TML broils up a heady U.K. radio set in this week’s recommended mix



Perhaps you’ve heard of Too Much Love?

Just kidding—chances are that if you’re reading this, you’ve heard of it. Too Much Love was the weekly First Avenue dance party hosted by Peter Lansky for eight years, finishing off in February 2014. Back then, Lansky went under the DJ name SovietPanda; these days he’s content with just being TML.

TML’s Noods Radio—Being Broiled (March 16, 2018) is the first monthly show Lansky recorded for Bristol’s Noods Radio; the second went up April 20. (You can find a handful of other recent mixes by scrolling down the TML homepage.) “The goal of the radio show is to play as if I were at a club without restrictions or dancefloor conventions,” Lansky explains. “It’s also a chance to showcase music from my friends and our label Always Human Tapes. I record these mixes live with no set tracklist. I compile a bunch of tracks I’m into, do my best to turn my brain off, and let intuition take over.” The set does just that, ping-ponging from glitch electronica to jittery acid to clanging jungle like it’s the most natural thing in the world.

A Minneapolitan of fourteen years (he lives in the Kenny neighborhood), Lansky grew up outside of Chicago. He began to DJ out only a year after arriving in the Twin Cities, and it wasn’t long thereafter that he began Too Much Love.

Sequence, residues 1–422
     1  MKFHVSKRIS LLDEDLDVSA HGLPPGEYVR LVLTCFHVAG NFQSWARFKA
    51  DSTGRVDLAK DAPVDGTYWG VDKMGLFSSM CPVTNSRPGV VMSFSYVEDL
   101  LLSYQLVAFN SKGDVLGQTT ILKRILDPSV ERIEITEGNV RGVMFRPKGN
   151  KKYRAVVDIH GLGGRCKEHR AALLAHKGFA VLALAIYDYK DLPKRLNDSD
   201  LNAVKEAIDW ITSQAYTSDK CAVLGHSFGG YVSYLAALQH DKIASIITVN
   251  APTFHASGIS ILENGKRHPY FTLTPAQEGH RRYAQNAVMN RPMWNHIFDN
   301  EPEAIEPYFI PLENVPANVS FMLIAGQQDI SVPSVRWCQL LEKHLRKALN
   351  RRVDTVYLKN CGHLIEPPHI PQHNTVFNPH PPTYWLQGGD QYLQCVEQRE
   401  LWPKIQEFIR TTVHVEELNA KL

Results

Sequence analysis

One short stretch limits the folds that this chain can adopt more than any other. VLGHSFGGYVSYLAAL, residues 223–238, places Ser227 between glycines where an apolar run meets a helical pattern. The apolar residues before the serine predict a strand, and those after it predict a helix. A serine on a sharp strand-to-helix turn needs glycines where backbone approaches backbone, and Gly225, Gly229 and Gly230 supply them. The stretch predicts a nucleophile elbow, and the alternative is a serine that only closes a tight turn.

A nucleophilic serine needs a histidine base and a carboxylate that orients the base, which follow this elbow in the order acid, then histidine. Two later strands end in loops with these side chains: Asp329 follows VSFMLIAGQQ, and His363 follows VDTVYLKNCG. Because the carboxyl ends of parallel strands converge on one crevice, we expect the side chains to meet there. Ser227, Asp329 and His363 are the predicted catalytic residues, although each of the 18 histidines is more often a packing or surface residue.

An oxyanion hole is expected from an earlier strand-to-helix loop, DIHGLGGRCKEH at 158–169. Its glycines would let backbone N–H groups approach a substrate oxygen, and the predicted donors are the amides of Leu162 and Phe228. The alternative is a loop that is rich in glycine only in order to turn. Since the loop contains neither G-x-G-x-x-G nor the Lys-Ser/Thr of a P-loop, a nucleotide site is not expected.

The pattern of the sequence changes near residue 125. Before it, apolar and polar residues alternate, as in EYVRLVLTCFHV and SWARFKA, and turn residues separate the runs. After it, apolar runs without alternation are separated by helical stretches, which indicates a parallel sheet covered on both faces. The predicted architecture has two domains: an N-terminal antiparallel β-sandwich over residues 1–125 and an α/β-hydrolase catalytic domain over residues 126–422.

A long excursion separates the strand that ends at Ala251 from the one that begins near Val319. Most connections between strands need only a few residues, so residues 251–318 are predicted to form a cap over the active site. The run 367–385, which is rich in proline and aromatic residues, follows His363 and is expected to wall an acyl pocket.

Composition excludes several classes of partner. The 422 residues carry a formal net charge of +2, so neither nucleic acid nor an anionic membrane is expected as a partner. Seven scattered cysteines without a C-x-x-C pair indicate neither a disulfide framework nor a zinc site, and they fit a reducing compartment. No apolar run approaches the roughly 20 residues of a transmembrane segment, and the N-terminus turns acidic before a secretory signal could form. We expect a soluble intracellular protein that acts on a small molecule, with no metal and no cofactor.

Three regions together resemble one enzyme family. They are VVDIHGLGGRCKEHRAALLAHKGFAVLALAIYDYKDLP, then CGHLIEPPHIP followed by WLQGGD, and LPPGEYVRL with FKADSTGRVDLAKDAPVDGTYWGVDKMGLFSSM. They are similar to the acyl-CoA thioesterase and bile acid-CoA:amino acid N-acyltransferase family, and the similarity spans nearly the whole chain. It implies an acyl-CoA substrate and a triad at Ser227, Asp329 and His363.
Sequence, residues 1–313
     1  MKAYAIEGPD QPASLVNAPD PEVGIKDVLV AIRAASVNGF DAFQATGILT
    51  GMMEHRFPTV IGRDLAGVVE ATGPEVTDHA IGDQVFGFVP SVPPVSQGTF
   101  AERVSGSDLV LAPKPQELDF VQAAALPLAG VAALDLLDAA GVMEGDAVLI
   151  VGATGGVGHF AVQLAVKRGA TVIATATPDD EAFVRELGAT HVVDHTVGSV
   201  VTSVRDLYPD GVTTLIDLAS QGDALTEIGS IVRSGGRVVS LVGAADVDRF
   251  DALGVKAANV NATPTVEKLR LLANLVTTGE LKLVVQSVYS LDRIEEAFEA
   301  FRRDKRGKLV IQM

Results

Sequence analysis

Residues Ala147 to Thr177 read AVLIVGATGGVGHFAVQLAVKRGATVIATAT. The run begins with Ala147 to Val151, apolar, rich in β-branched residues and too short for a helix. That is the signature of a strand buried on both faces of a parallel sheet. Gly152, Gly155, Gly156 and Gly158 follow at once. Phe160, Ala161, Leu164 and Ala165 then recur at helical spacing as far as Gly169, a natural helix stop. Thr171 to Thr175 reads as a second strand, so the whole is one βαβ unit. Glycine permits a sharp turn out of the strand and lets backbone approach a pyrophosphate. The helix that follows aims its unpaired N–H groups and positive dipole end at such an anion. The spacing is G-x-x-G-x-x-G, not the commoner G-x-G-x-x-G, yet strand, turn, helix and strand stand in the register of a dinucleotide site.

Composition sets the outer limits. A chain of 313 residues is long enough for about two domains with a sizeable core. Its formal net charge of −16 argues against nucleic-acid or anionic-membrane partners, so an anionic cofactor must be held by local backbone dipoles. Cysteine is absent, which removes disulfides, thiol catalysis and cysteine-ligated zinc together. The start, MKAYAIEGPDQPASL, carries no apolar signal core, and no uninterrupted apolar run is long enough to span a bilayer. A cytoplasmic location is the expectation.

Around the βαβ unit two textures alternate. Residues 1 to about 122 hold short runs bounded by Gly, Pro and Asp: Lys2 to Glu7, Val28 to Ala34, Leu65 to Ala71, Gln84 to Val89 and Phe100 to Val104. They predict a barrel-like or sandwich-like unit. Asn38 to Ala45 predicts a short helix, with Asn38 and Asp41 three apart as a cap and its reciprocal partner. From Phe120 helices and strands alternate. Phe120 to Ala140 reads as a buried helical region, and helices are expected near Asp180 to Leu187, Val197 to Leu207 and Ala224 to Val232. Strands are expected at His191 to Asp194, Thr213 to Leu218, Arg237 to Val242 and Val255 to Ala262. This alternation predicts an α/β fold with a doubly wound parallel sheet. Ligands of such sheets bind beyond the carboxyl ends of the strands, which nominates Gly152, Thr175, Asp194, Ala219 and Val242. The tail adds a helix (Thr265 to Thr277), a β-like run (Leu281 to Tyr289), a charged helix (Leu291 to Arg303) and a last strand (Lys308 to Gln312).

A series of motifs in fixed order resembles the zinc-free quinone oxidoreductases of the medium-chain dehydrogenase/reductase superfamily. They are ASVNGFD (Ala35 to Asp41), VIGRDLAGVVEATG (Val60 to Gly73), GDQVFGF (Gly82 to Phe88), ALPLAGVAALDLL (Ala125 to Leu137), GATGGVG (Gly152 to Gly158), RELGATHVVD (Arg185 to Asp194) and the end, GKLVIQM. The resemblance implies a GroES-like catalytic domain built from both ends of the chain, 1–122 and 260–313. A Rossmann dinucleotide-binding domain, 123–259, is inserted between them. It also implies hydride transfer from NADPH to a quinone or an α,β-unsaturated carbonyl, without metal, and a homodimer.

“During that time I also played at a very wide, sometimes bizarre variety of places in Minneapolis,” says Lansky. “In general, I like to play places that are dark and loud. Early gigs included a slot on Radio K and a residency at the Dinkytowner. I’ve played at the Weisman, the Walker, and the Sculpture Garden; inside a Target; on a parade float; in several warehouses, basements, and DIY spaces; at actual raves for Woody McBride and Drop Bass Network; outside the Metrodome and on the lawn at the U; at fashion shows and hotels; at Epic and Myth; had additional residencies at Clubhouse Jager (pre-Nazi stuff) and the Kitty Cat Klub; covered for Jake Rudh at Transmission and Fridays at Jetset.

“I think having opened for James Murphy and Regis in the same night sums up the range that I play,” he adds. “I play music that resonates with me, a distinction that ends up cutting across a range of genres. In general, it’s electronic music, often made by weird people in their bedrooms.”

These days, that category includes Lansky himself. “Currently I dedicate as much time as possible to recording music,” he says. “As a result, I am intentional about which gigs I take, and play in town much less often.” In July, that means “a small run of shows on the east coast.” Locals won’t get to see him in action until he plays “the main stage at this year’s Even Furthur. I’m hoping my set will make people who aren’t tripping feel like they are, and vice versa.”

Are you a Twin Cities dance-music DJ? Michaelangelo Matos wants to hear your latest set. He writes about recent mixes by local DJs (and DJs making local appearances) every Thursday for City Pages. Tweet to his attention: @matoswk75.